If These 3 Words Are True, Altimmune’s Weight Loss Candidate Could Beat Novo Nordisk’s Wegovy


The market for weight loss medicines keeps getting hotter and hotter.

For most of its existence, Altimmune (ALT -2.08%) has been a little-known biotech aspiring to compete in a world dominated by whales like Novo Nordisk (NVO -2.88%), the maker of the hit weight loss drug Wegovy and the blockbuster Ozempic for type 2 diabetes.

But if management’s three-word hunch about the company’s lead program is right — and there’s at least one critical piece of evidence hinting that it is — Wegovy’s reign could face a serious challenge within the next few years. Let’s explore their outlook to see how it might affect your thinking about the stock.

This program is starting to really take off

While it doesn’t have any products on the market yet, Altimmune has two clinical-stage programs, both of which are in phase 2 trials, and both of which are testing the usefulness of the same molecule, pemvidutide. One aims to treat obesity, and the other is seeking an indication for treating metabolic-associated steatohepatitis (MASH, formerly known as NASH).

It’s the obesity program that’s a threat to Wegovy. Per some of the data from its trial, after being treated with the highest dose of the candidate for 48 weeks, patients lost an average of 15.6% of their body mass compared to only 2.2% lost for those who were given the placebo. Importantly, there was no evidence of decreasing efficiency over time, meaning that further treatment would probably lead to more weight loss.

Even more important was where the lost weight came from. With medicines like Wegovy, one of the major concerns is that people will lose weight by primarily shedding muscle mass rather than fat — diminishing their strength in the process. Another problem is that it’s far easier to regain lost fat mass than it is to regain lost muscle mass. In the case of pemvidutide, 78.1%  of the weight loss was attributable to the degradation of fat mass rather than lean muscle mass.

That’s not quite the holy grail of consequence-free weight loss therapies, but it’s a giant leap forward in that direction.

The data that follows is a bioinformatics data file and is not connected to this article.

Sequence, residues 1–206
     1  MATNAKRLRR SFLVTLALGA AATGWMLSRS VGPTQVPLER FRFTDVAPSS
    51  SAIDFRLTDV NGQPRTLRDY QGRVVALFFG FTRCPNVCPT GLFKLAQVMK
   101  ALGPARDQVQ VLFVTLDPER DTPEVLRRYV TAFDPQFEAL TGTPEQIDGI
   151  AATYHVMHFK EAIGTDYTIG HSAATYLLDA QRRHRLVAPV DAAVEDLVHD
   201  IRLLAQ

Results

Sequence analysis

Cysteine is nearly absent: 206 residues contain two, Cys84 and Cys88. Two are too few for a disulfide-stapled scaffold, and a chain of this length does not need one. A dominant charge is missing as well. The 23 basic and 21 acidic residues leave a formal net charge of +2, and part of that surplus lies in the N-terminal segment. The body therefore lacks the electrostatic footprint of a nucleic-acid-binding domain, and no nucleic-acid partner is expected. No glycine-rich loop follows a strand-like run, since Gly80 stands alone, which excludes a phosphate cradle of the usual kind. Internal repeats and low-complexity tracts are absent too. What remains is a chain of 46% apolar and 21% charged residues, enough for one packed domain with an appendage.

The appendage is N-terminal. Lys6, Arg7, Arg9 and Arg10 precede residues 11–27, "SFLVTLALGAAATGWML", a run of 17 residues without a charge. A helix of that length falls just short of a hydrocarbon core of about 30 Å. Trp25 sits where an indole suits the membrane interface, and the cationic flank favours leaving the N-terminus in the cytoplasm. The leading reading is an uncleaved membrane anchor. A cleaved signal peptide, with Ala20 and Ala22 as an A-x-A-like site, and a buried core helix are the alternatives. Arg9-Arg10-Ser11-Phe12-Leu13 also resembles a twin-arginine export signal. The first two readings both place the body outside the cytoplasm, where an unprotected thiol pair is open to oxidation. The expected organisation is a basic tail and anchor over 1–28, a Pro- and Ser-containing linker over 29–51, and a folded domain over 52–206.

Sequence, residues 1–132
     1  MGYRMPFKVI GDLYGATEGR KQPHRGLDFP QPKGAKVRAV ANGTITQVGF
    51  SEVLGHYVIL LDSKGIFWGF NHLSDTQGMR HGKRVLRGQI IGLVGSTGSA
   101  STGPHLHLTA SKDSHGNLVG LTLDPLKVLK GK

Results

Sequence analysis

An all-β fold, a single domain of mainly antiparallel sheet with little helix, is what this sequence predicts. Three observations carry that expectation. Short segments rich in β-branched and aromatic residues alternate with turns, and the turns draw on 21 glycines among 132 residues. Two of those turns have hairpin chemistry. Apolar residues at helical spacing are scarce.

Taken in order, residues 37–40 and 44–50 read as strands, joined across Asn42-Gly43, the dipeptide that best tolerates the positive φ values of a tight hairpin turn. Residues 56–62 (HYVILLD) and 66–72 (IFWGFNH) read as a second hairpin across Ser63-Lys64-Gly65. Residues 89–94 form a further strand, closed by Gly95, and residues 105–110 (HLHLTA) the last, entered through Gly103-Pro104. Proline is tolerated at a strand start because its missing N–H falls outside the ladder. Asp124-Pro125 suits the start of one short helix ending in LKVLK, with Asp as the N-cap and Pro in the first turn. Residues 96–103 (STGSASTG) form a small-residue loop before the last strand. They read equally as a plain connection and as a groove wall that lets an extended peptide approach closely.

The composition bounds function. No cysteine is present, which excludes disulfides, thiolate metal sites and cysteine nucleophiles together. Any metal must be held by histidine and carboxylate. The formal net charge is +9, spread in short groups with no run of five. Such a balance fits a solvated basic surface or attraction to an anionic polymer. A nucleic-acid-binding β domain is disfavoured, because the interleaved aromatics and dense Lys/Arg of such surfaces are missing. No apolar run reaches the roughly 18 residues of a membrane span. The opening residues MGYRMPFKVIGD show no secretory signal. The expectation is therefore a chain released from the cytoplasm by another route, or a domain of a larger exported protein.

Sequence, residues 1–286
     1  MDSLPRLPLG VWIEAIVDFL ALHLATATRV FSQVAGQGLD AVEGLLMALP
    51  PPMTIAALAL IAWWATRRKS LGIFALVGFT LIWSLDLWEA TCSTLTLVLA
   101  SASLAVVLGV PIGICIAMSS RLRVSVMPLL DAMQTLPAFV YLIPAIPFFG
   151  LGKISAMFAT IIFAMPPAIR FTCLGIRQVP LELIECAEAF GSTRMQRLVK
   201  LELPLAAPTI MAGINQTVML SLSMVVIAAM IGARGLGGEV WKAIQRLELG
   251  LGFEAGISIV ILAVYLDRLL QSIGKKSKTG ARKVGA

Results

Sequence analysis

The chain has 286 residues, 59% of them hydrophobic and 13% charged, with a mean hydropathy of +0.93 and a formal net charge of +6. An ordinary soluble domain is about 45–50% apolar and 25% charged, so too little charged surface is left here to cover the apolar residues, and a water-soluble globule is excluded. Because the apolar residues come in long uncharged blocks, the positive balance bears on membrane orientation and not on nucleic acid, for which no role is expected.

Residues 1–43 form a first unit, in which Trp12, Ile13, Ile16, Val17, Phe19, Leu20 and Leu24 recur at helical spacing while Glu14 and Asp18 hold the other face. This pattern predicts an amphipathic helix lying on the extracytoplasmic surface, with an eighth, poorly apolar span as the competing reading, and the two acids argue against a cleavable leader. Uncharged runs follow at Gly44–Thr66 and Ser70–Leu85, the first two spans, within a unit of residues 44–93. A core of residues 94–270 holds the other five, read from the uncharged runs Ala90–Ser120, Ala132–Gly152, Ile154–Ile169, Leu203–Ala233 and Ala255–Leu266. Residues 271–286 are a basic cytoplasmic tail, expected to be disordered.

In the words of Altimmune’s CEO, Vipin Garg, the trial’s results suggest that pemvidutide could be a “best in class” medicine if it ultimately gets approved. And if they’re true, those three words will make the biotech’s candidate likely to top the likes of Novo Nordisk’s Wegovy, as well as other contenders like Eli Lilly‘s Zepbound.

Appreciate this company’s context before investing

As of the first quarter, Altimmune had $182.1 in cash, equivalents, and short-term investments on hand. Its research and development (R&D) expenses for the quarter were only $21.5 million, making up the bulk of its total operating expenses of $26.8 million.

In short, this company’s small pipeline and tight focus on just two cardiometabolic indications mean that it has plenty of runway before it needs to think about raising more capital, which is great news for potential investors.

There’s no reason to think that its obesity program will hit snags at a higher rate than any other trial at the same stage of the process.

However, there’s still a risk that phase 3 data will fail to confirm what the recently published data depicted. That’d bruise the stock extremely badly if it happened; there’s only one other program in the pipeline that has a chance of making it to the market in the next few years, and it’s for a condition that’s traditionally hard to develop drugs to treat.

Don’t let that risk dissuade you from including Altimmune in your basket of biotech stocks that could capture the gold rush in the obesity market. The stock is up 73% over the last one year, but 47% down in the last six months.

Investors, however, must understand the crux of the matter is that there’s a possibility in Altimmune’s drug candidate being a superior option. And if the data on targeting weight loss largely to fatty mass instead of muscle mass proves true, it’ll be a much more favorable choice for niches where a high risk of losing muscle mass is a potential contraindication, like in older people.

At the same time, understand that this is a risky stock. Even if the U.S. Food and Drug Administration (FDA) eventually approves pemvidutide for sale, it’ll need to fight Novo Nordisk and Eli Lilly to gain market share — and they have far more resources to bring to bear than Altimmune likely ever will.


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